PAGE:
Sport Other Sports Internet craze: Taylor Swift’s ‘mannequin challenge’

Internet craze: Taylor Swift’s ‘mannequin challenge’

Taylor Swift made good on her promise. Photo: Getty.
Taylor Swift was slated to do only two song, but now Cup goers won't see her at all. Photo: Getty
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Taylor Swift has celebrated Thanksgiving by enlisting her squad in a “mannequin challenge” video.

The video posted on the singer’s Instagram account on Thursday shows Swift and friends frozen in various poses on a Rhode Island beach before breaking out in a dance party.

Swift also posted pictures of herself with model friends Lily Donaldson and Martha Hunt. Also joining Swift for the holiday were Broadway star Todrick Hall and her brother, Austin.

Swift is the latest celebrity to take on the “mannequin challenge”, which has become a social media craze over the past several weeks.

High school students from the United States are believed to have started the viral internet challenge that is taking the world by storm.

It has quickly surged in popularity, with sporting royalty such as LeBron James and our own Tim Cahill having a go.

So what is it? The premise is very simple.

You get a bunch of people to stand completely still (like mannequins) and then have someone walk around filming all the poses.

It is sometimes, but not always, ended or accompanied by the song Black Beatles by hip hop duo Rae Sremmurd featuring Gucci Mane.

Challengers then post the video to social media with the hashtag #MannequinChallenge.

Unlike the “ice bucket challenge”, this isn’t for any particular charitable cause.

It seems to be just for fun and for challenging other people.

It is thought to have started in late October with a group of high school students from Jacksonville, Florida.

And it quickly spread to some of sport’s biggest names.

NBA champions the Cleveland Cavaliers, captained by LeBron James, took the challenge in the White House with First Lady Michelle Obama.

Reigning NBA Most Valuable Player Stephen Curry wasn’t about to be outdone, though.

He had a whole restaurant freeze for his version of the challenge.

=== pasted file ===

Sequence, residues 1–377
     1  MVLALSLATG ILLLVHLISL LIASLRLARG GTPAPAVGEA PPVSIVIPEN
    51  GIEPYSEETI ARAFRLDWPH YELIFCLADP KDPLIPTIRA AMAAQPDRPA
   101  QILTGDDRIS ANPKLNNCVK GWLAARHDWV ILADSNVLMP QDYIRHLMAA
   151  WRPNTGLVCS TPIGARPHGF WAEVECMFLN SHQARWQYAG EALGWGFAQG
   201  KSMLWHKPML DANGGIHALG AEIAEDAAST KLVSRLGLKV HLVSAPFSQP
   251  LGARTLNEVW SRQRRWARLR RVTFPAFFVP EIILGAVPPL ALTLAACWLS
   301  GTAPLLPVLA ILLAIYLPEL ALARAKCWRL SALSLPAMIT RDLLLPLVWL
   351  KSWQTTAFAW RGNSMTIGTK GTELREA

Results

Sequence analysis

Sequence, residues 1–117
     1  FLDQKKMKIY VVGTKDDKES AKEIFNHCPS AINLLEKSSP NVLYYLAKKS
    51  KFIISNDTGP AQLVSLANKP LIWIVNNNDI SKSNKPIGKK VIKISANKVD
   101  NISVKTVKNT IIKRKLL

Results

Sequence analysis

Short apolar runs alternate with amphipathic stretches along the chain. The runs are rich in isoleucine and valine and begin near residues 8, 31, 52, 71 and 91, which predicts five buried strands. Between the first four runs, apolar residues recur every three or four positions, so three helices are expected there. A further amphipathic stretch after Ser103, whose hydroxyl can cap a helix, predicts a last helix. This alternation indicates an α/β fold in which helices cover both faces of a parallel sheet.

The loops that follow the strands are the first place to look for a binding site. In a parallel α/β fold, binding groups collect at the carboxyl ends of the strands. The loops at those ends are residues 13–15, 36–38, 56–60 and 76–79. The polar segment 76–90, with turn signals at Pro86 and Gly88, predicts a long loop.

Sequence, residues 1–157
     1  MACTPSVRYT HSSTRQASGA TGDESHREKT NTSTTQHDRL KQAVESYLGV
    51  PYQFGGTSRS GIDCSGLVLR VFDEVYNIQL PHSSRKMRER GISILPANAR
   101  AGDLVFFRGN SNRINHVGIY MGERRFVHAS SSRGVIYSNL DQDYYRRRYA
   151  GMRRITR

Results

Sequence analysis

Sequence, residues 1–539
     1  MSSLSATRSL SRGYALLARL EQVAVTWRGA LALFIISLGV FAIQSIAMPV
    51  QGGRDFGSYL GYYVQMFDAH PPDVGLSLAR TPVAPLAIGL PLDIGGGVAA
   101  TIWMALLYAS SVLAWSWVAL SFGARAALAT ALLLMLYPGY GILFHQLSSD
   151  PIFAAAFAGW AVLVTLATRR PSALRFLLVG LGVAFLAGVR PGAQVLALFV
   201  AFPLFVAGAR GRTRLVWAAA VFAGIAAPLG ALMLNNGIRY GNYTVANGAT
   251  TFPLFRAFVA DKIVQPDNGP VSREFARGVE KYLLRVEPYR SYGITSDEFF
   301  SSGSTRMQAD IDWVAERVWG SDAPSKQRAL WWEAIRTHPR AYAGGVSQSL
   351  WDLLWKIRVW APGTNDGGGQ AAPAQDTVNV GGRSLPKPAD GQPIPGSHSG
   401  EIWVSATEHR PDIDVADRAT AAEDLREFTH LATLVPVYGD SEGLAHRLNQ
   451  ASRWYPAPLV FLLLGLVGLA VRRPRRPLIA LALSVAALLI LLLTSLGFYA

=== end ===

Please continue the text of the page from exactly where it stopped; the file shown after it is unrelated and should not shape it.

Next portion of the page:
It has had an impact in Australia too, with soccer star Cahill leading his Melbourne City side through a “mannequin challenge” of its own.

Melbourne City Mannequin Challenge

Did you see our #MannequinChallenge this week? Many have called it the best they have seen on the net!

Posted by Melbourne City FC on 2016年11月13日

As the challenge has become more and more popular, it has even started creeping onto the sporting field.

England striker Jamie Vardy, as seen below, celebrated a goal by doing the challenge with his teammates, while the 11,658-strong crowd at a Perth Wildcats NBL team also took part.

#RedArmy Mannequin Challenge

11,658 people did the Mannequin Challenge at Perth Arena yesterday! #RedArmy, you're awesome.

Posted by Perth Wildcats on 2016年11月13日

Mannequin Challenge goes political

The challenge is becoming popular out of the sporting arena as well.

Democratic presidential candidate Hillary Clinton did the “mannequin challenge” the night before her ill-fated election day.

She was joined by her staff and rocker Jon Bon Jovi for the challenge on her jet.

What makes a viral video?

When the “running man challenge” went viral in May, a social media expert explained to The New Daily how these online phenomenons occurred.

mannequin challenge
When big stars like LeBron James are involved online virality is easier, an expert said. Photo: Getty

RMIT University social media guru Associate Professor Dr Con Stavros said viral videos – like the “mannequin” and “running man challenges” – were usually “fun, straightforward and quirky”.

“I think when things like this show a different side of athletes and people, it creates a lot of interest,” he said.

“Sport is such a great vehicle on social media because of how much interest players and athletes generate.

“The challenge element also helps. It adds a connection to the next person and the challenge is done in a very public manner.”

Dr Stavros also said at the time that finding the “magic formula” of what makes something go viral was the holy grail for many professionals.

“[It] is a question that marketers are always trying to understand and there’s no magic formula,” he added.

“I think in many things that do get popular, though, there’s an element of fun to them.”

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